3 Things to Know about Shipping Dangerous Goods Overseas

3 Things to Know about Shipping Dangerous Goods Overseas

Many of today’s global industries require the shipment of hazardous materials overseas. Shipping dangerous goods is more complicated than shipping non-hazardous materials. Dangerous goods require specific documentation and special packaging materials and methods depending on the potential hazards they present. That’s why it’s important to partner with a company like Total Export that specializes in packaging, , and exporting dangerous goods, and partners with companies to ship your products safely anywhere in the world.

  1. Dangerous goods are classified into nine categories.

The United Nations Committee of Experts classifies dangerous goods into nine categories from most to least hazardous. The committee also make recommendations on how to ship these goods internationally.

The most hazardous materials are explosives (class 1), gasses (class 2), flammable liquids (class 3), and flammable solids (class 4). Classes 5 through 9 are, respectively, oxidizing substances and organic peroxides, toxic and infectious substances, radioactive material, corrosives, and miscellaneous dangerous goods.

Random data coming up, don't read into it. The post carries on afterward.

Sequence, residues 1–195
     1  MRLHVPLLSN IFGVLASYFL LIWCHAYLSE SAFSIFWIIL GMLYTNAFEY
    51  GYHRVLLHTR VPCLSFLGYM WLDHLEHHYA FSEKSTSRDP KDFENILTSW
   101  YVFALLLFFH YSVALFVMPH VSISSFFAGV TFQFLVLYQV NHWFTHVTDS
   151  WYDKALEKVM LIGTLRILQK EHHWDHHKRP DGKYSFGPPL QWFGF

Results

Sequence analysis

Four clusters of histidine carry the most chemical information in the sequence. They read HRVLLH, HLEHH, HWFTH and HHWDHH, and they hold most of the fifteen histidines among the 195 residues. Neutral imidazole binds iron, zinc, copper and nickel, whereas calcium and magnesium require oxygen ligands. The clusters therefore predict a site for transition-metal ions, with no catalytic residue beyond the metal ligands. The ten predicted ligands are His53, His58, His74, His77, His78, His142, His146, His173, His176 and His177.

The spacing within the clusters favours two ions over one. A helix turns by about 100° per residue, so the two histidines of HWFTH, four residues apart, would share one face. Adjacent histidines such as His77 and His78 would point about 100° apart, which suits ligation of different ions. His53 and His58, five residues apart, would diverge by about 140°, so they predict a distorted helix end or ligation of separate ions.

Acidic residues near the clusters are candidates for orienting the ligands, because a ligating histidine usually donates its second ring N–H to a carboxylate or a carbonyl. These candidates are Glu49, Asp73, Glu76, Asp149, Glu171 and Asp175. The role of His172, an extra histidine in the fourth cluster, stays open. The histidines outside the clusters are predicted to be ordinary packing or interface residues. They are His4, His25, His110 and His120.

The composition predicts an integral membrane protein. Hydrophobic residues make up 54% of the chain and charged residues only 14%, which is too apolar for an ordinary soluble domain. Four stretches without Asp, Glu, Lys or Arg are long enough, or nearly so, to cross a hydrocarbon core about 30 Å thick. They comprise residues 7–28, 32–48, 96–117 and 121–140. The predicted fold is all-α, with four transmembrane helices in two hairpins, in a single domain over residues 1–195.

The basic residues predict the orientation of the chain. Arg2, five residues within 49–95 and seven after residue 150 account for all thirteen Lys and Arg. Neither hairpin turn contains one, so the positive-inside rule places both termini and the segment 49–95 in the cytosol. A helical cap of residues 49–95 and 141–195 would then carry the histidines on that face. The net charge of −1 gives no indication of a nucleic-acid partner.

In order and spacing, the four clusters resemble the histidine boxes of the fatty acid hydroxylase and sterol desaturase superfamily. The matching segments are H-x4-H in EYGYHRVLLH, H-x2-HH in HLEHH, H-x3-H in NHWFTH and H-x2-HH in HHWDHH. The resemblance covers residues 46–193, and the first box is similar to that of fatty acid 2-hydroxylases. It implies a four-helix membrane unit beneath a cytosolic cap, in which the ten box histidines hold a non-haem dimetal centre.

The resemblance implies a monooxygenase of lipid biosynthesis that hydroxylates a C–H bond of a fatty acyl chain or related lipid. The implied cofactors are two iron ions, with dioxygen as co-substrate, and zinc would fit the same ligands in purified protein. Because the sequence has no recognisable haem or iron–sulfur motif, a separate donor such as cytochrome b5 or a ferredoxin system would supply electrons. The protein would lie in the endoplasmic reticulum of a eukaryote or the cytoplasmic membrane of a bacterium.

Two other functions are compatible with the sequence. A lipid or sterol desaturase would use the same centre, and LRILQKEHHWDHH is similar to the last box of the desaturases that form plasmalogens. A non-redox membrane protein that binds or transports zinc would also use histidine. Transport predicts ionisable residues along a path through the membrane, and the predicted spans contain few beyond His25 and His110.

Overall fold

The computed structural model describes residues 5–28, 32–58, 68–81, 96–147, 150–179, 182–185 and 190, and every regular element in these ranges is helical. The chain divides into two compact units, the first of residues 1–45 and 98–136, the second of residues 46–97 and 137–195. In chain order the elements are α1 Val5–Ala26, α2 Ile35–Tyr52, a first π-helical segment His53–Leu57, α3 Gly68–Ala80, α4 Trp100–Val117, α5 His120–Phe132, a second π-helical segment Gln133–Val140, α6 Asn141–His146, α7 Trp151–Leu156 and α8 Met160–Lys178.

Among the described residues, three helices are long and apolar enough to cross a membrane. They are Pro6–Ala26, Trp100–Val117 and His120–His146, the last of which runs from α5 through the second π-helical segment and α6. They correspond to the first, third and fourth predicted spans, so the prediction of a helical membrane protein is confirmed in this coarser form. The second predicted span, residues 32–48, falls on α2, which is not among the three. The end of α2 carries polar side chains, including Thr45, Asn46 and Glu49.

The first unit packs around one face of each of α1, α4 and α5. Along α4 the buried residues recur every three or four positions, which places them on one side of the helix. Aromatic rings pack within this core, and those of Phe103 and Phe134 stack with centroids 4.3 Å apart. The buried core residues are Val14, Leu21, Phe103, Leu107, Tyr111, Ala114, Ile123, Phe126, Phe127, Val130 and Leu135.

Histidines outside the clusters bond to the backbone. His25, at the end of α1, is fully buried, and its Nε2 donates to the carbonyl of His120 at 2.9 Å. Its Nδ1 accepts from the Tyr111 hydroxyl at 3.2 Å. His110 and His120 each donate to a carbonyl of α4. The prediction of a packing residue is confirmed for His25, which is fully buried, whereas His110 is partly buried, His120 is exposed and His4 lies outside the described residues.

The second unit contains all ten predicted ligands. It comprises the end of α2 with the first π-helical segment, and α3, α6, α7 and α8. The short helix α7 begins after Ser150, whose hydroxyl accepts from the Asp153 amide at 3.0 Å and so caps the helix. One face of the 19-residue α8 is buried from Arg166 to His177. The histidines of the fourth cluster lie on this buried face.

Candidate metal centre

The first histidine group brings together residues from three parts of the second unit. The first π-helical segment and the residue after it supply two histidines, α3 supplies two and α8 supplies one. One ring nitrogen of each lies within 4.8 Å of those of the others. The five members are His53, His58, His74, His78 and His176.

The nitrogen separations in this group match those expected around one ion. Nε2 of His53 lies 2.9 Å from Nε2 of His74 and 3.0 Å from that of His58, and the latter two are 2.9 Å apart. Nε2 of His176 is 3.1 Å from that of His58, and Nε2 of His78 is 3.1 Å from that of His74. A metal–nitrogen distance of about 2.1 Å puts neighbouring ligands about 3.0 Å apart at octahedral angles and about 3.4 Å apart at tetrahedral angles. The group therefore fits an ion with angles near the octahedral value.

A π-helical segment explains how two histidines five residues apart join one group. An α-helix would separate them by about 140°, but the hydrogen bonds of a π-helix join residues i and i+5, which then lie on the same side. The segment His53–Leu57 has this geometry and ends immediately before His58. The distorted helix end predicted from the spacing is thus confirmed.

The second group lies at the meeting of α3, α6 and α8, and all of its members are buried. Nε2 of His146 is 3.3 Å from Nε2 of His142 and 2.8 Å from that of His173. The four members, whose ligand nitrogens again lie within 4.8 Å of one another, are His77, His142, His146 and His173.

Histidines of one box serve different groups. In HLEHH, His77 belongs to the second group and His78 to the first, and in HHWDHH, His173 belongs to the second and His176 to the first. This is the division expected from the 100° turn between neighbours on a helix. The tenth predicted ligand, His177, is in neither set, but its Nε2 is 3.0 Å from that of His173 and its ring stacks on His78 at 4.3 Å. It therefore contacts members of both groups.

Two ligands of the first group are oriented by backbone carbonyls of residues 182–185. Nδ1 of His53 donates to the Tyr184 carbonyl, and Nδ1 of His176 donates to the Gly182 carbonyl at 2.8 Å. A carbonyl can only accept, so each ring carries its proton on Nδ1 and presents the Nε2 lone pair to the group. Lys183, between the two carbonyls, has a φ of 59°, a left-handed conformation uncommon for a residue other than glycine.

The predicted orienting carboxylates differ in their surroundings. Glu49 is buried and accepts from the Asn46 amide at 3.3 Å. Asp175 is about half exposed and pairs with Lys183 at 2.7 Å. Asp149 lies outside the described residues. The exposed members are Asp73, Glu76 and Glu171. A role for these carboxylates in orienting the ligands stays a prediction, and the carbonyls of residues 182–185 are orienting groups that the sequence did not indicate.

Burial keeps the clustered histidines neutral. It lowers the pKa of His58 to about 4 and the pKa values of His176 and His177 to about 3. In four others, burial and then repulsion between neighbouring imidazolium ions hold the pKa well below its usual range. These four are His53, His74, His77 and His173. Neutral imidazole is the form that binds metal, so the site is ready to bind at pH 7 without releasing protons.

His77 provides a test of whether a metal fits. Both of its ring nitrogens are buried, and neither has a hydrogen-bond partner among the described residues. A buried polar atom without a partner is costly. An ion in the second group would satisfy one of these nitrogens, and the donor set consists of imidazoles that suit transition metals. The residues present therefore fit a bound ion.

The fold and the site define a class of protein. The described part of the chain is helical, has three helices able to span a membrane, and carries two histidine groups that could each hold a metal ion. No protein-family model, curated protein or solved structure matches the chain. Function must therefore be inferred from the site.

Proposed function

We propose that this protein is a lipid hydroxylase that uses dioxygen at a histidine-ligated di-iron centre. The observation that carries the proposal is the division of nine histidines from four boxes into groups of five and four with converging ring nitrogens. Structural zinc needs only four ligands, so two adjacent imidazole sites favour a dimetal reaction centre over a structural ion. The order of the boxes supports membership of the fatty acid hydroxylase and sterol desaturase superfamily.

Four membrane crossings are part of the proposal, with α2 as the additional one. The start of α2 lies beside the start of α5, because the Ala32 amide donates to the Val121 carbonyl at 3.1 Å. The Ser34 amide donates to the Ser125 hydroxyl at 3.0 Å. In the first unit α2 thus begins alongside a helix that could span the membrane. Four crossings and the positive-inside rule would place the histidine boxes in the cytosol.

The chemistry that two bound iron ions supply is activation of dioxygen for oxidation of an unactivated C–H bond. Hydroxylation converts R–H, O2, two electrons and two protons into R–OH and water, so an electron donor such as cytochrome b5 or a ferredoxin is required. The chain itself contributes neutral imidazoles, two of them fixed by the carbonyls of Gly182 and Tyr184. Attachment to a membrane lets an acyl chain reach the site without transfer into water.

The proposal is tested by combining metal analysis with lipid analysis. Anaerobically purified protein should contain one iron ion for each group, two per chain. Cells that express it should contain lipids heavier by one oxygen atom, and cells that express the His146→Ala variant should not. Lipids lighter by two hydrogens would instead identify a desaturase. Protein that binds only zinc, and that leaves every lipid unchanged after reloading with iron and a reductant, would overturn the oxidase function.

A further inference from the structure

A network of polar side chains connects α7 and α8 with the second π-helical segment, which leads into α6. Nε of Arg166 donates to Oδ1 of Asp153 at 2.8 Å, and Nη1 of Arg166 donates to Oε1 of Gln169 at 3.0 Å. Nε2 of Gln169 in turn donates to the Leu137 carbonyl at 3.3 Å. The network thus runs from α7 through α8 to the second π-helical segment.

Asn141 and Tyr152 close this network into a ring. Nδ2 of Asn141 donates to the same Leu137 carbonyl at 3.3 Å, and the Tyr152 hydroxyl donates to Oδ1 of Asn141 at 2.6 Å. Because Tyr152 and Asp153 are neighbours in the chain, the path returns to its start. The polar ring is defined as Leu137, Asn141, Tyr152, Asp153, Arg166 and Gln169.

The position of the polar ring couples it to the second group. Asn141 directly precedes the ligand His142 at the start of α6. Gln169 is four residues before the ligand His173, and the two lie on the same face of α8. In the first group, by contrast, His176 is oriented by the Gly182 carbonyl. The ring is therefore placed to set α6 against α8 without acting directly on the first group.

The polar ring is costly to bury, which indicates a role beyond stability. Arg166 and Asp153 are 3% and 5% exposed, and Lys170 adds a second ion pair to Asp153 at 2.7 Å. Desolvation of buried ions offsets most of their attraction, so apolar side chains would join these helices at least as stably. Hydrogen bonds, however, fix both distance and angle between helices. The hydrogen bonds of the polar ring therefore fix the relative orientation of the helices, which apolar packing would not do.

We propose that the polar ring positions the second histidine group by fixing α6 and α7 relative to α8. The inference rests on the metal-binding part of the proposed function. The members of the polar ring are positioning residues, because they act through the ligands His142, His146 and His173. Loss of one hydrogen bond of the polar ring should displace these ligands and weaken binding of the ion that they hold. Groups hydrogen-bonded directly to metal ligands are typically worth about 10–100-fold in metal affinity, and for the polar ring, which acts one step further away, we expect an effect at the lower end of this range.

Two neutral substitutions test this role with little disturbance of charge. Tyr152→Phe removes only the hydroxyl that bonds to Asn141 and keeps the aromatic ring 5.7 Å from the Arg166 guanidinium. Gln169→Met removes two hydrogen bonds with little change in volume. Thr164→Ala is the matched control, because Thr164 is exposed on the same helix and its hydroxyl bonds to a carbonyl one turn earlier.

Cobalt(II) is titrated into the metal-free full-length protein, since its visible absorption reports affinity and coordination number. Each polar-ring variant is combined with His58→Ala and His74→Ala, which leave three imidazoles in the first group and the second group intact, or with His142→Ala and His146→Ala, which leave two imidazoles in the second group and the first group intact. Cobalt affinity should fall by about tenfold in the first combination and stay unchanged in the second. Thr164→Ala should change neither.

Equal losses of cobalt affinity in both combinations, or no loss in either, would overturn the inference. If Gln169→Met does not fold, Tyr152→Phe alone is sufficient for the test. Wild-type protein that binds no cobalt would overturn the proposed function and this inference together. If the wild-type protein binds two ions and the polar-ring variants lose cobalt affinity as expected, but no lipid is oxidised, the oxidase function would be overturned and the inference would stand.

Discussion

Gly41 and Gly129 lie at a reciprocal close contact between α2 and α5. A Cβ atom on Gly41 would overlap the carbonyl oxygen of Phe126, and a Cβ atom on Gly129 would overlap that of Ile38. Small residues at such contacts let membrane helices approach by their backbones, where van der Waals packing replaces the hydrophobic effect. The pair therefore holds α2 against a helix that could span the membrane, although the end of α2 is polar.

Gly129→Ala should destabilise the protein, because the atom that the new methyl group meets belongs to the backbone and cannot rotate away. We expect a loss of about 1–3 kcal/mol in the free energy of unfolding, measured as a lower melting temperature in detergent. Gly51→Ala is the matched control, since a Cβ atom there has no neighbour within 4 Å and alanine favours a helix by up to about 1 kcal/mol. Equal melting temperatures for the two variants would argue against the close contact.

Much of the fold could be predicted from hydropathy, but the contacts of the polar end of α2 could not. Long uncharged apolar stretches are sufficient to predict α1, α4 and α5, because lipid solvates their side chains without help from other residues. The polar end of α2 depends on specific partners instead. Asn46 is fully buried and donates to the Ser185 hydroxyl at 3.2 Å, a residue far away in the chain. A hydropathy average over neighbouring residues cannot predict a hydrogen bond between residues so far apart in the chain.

1. Shipping dangerous goods requires specific documentation.

Shipping dangerous goods requires more than a “caution” sticker and a secure container. Depending on its class, your shipment will need to include a dangerous goods declaration, documentation of special permissions or exceptions relevant to your goods, authority approvals, safety checklists, and other labeling and packaging requirements. Total Export is an expert in labeling and shipping requirements for all classes of dangerous goods so you know your shipment will make it to its destination safely and on time.

  1. Dangerous goods have extraordinary shipping requirements.

Special considerations for dangerous goods goes beyond documentation. Every hazardous material requires specific packaging to prevent accidents during shipment. Your dangerous goods must be stored, loaded, and then stowed in a way that minimizes the chance they will cause an incident. Everyone in your transportation chain—from the team designing your packaging to the crew unloading your goods at port—must be trained to handle hazardous materials.

Some examples of special shipping requirements include separating materials that may cause damage when exposed to each other and properly protecting materials that become hazardous when wet. Your shipment should include a list of potential hazards and how crews can mitigate or reduce damage in the event of an incident.

Shipping dangerous goods requires expertise and experience. Work with Total Export to get the knowledgeable advice you need to ship your hazardous materials safely and on time. Contact us today at 612-788-9777.

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